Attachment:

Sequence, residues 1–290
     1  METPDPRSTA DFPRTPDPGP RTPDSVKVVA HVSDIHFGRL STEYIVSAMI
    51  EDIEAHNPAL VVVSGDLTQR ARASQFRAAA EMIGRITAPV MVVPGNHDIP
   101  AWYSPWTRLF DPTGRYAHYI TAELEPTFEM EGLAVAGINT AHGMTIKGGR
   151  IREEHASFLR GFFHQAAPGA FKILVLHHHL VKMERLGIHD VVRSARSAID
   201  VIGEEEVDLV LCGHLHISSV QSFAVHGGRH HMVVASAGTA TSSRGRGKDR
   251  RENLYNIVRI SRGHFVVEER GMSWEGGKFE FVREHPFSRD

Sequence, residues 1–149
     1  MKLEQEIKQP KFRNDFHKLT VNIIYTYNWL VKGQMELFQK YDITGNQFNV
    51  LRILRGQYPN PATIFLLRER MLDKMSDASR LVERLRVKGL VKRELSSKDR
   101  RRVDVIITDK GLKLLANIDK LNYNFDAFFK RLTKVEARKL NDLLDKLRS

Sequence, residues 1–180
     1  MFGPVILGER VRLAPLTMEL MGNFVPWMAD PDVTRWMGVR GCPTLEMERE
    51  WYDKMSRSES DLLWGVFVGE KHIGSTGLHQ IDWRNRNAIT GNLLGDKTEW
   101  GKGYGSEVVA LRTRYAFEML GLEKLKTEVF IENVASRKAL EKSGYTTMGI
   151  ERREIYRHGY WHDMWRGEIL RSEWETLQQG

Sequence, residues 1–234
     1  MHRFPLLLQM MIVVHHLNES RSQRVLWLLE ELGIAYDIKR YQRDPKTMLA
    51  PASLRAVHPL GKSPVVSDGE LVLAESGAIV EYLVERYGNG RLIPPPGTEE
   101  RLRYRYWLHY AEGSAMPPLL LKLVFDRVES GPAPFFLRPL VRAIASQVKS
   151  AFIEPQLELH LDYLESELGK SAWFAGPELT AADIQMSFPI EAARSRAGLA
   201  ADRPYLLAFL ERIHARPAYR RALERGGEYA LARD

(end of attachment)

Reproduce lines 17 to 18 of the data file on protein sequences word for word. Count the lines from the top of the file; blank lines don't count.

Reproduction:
Sequence, residues 1–234
     1  MHRFPLLLQM MIVVHHLNES RSQRVLWLLE ELGIAYDIKR YQRDPKTMLA